Melissa Garcia, Sarah Rich and Elizabeth Westley
Just days after officially joining the MSH family and receiving an initial quick orientation in Medford, the International Consortium for Emergency Contraception (ICEC) team headed out to Indonesia to participate in the International Conference on Family Planning. ICEC has been hosted by Family Care International (FCI) and joined MSH along with colleagues from the FCI program based in New York. All three of our staff members attended: Melissa Garcia, Sarah Rich and Elizabeth Westley. We all really enjoyed the opportunity to meet MSH staff from so many offices and felt very much a part of the MSH family.
Outreach was one of our primary goals, and to this end we had our own booth and signed up around 100 new contacts to our listservs. We also participated in training of two groups of journalists (anglophone and francophone) hosted by Population Reference Bureau, and were pleased to see that several of the journalists we spoke with published and aired accurate and favorable stories about emergency contraception (see an example from Pakistan).
On the technical front, we hosted a full-day side event with the World Health Organization, attracting around 50 experts from around the world to discuss emerging issues related to emergency contraception. We also hosted two panels on emergency contraception focused on access gaps and new research, and Elizabeth spoke on another panel related to classification of contraceptives.
Some of the key themes that emerged from our events include:
- Community-based distribution of EC: We learned about how community-based distribution (CBD) of EC is increasing access to this contraceptive method in South Asia and what the challenges are to implementing these programs. We also discussed the feasibility of implementing CBD of EC in other settings, particularly Uganda. We see this as a key area for EC moving forward. Conferences like this one give us time to provide hands-on technical assistance and support to partners, resulting in this note from a participant: “It was a great opportunity interacting with Sarah Rich and your team during the recent ICFP in Indonesia Bali. You helped me plan how to kick start an EC program … The materials you shared with me are helping me to …design strategies on how to reach the different audiences.”
- Demand generation of EC: Population Media Center, with whom we are partnering in DRC, presented on its positive messaging about EC in entertainment media (link). Our partners at JHU-CCP shared a new tool for generating demand for EC (link). Given that knowledge of EC remains extremely low overall, globally, we are optimistic that these efforts can increase EC awareness, although donor commitment is still inadequate.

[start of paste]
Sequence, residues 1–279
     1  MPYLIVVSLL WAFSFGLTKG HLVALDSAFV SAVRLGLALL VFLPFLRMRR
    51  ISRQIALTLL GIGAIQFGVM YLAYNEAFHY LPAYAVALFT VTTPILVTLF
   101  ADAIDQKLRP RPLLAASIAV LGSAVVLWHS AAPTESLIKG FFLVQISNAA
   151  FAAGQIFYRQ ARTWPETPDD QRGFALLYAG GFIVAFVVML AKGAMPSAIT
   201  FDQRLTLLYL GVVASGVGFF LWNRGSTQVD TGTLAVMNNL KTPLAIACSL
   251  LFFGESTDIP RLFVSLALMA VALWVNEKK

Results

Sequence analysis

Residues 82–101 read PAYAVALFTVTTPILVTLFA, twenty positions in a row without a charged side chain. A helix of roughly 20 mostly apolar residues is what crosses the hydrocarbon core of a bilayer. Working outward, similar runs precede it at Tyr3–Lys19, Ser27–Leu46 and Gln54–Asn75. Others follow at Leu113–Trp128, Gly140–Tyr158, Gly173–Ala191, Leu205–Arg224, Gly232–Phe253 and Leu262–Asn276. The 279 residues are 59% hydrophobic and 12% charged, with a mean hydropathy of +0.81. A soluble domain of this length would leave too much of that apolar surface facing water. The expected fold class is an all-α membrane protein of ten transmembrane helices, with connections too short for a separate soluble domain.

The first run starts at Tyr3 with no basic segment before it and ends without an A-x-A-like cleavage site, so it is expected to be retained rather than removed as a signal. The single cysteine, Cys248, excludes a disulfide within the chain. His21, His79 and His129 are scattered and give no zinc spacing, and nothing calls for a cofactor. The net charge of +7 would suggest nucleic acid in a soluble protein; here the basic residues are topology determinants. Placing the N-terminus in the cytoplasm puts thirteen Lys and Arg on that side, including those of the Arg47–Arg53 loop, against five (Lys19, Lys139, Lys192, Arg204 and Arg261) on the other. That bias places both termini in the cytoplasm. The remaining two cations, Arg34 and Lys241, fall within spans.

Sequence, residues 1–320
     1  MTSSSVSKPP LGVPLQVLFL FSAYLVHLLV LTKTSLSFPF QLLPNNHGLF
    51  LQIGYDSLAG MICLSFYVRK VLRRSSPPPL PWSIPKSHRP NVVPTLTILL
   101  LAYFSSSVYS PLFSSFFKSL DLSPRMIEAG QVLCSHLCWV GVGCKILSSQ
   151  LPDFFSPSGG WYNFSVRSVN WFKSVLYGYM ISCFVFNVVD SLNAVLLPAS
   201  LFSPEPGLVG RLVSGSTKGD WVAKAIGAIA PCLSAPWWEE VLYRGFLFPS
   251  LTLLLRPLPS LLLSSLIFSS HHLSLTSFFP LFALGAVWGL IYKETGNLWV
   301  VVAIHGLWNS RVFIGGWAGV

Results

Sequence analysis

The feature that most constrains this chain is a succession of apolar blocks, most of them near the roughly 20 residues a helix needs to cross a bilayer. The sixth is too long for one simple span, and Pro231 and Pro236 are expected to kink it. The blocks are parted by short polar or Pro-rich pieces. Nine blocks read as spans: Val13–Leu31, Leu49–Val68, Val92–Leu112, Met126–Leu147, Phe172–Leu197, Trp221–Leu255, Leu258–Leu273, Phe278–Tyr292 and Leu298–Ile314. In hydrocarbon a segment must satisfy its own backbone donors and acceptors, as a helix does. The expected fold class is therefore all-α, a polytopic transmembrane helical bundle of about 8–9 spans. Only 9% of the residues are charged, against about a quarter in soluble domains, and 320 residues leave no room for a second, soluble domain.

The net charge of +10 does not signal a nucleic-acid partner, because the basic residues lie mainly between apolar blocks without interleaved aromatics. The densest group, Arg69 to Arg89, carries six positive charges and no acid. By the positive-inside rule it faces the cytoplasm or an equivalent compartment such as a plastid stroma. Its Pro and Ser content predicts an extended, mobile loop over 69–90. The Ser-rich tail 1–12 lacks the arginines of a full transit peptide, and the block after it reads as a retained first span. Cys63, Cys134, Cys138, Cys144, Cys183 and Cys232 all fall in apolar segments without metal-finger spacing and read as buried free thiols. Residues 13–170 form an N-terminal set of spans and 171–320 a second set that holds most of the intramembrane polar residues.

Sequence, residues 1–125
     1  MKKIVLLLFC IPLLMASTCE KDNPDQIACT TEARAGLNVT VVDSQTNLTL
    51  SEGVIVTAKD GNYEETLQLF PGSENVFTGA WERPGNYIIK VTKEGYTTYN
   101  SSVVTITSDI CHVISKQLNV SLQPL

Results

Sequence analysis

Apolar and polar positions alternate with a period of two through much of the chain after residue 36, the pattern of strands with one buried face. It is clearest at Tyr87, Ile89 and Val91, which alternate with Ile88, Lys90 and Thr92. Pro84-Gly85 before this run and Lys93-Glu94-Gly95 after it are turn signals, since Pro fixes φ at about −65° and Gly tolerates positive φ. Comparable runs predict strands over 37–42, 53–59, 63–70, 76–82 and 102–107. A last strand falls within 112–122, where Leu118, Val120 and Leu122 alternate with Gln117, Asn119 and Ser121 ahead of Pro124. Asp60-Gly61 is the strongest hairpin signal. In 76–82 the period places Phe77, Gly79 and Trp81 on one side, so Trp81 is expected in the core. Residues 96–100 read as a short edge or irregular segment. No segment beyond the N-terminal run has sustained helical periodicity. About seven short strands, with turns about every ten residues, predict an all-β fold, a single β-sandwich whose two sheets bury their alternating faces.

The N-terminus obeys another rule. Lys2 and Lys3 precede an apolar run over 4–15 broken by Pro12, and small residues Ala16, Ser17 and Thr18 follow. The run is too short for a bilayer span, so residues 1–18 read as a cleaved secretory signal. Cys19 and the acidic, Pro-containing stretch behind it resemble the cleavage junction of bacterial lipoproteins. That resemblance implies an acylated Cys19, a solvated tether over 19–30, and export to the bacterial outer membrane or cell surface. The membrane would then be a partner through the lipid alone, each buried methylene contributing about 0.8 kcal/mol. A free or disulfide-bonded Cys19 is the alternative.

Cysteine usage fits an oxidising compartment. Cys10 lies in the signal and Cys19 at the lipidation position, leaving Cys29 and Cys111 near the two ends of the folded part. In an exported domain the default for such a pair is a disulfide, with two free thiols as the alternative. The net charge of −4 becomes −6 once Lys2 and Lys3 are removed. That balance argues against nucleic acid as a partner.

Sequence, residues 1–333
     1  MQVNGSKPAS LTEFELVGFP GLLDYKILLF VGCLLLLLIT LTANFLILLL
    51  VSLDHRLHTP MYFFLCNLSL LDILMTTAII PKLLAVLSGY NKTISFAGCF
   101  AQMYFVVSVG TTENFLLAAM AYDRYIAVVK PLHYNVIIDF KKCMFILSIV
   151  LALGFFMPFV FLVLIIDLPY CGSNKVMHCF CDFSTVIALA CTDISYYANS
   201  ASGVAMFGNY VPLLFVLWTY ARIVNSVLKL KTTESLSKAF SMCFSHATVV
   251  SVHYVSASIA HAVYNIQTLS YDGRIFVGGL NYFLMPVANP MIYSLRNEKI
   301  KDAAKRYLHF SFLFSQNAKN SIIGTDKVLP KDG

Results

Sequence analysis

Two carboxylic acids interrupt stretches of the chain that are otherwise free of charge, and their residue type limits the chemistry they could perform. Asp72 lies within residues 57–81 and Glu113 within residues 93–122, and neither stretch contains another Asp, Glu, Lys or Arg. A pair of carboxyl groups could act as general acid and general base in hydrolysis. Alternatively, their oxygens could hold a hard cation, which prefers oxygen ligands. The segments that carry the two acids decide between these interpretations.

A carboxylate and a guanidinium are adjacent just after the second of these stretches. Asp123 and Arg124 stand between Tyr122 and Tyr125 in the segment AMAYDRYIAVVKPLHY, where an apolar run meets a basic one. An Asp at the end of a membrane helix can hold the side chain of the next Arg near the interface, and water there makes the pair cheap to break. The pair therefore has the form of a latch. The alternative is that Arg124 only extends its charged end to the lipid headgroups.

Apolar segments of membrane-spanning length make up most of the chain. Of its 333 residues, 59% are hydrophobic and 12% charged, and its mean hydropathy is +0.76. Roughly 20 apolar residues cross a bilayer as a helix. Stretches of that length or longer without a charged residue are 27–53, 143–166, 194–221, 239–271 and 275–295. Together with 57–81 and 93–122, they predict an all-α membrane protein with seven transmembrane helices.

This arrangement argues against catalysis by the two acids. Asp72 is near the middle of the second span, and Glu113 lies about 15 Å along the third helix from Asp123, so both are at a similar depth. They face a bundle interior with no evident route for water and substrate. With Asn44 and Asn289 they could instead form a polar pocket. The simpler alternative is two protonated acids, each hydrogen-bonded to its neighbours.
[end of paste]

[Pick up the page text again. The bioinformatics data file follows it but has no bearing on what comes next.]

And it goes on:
- Affordability of EC: Elizabeth presented findings from an ICEC study looking at the price and affordability of EC around the world. Across Africa, Asia, and Latin America, EC is least affordable in Africa, particularly Francophone West Africa, and most affordable in Asia.
- Regional and country trends on EC access: Sarah presented a big-picture view of EC access issues in Asia, showing that access is particularly lacking in the Middle East. Two other presentations also covered EC access in specific countries: (1) Trends in EC provision and use in urban Nigeria, presented by the Urban Reproductive Health Initiative; and (2) Access to EC in Malawi at public sector facilities, pharmacies and via police units (for rape survivors), presented by the University of Malawi. Additionally, Melissa and the team convened a number of meetings with partners from the DRC, including the director of the adolescent health division within the Ministry of Health, who has now included EC in their national strategic plan. Melissa provided EC training materials for FP provider training sessions to be held imminently by the Ministry of Health’s reproductive health division and CARE.
- EC access for survivors of sexual assault: The ICEC team met with staff from the Population Council to discuss our partnership to ensure that national sexual assault treatment guidelines and protocols include EC throughout Anglophone Africa. We began preparations for a consultation we are co-hosting with Pop Council and WHO in Zimbabwe in April that will bring together key focal points from 7 countries to strategize about improving their national guidelines for post-rape care.
- Clinical updates: WHO made two important presentations in our panels: (1) Results of WHO multi-center clinical trial showing that a dose of levonorgestrel (the same drug used in many EC pills) can safely be used repeatedly as an on-going method of contraception. (2) Results of a WHO reanalysis of clinical trials to look at whether weight and BMI affect efficacy, indicating that we do not have a strong enough evidence base to associate weight/BMI with EC effectiveness.
- Classifying contraceptive methods: Elizabeth presented in a panel on classification of contraceptive methods, looking at questions such as how EC should be included in surveys, can it be a “current” or modern contraceptive method, and how it contributes to contraceptive prevalence rate and other indicators.
In between hosting these formal events, we organized a number of side meetings, developing next steps for moving our work forward with both new and existing partners.
ICEC achieved our goals and more at the conference! We look forward to discussing EC and the potential to work together with our new MSH colleagues.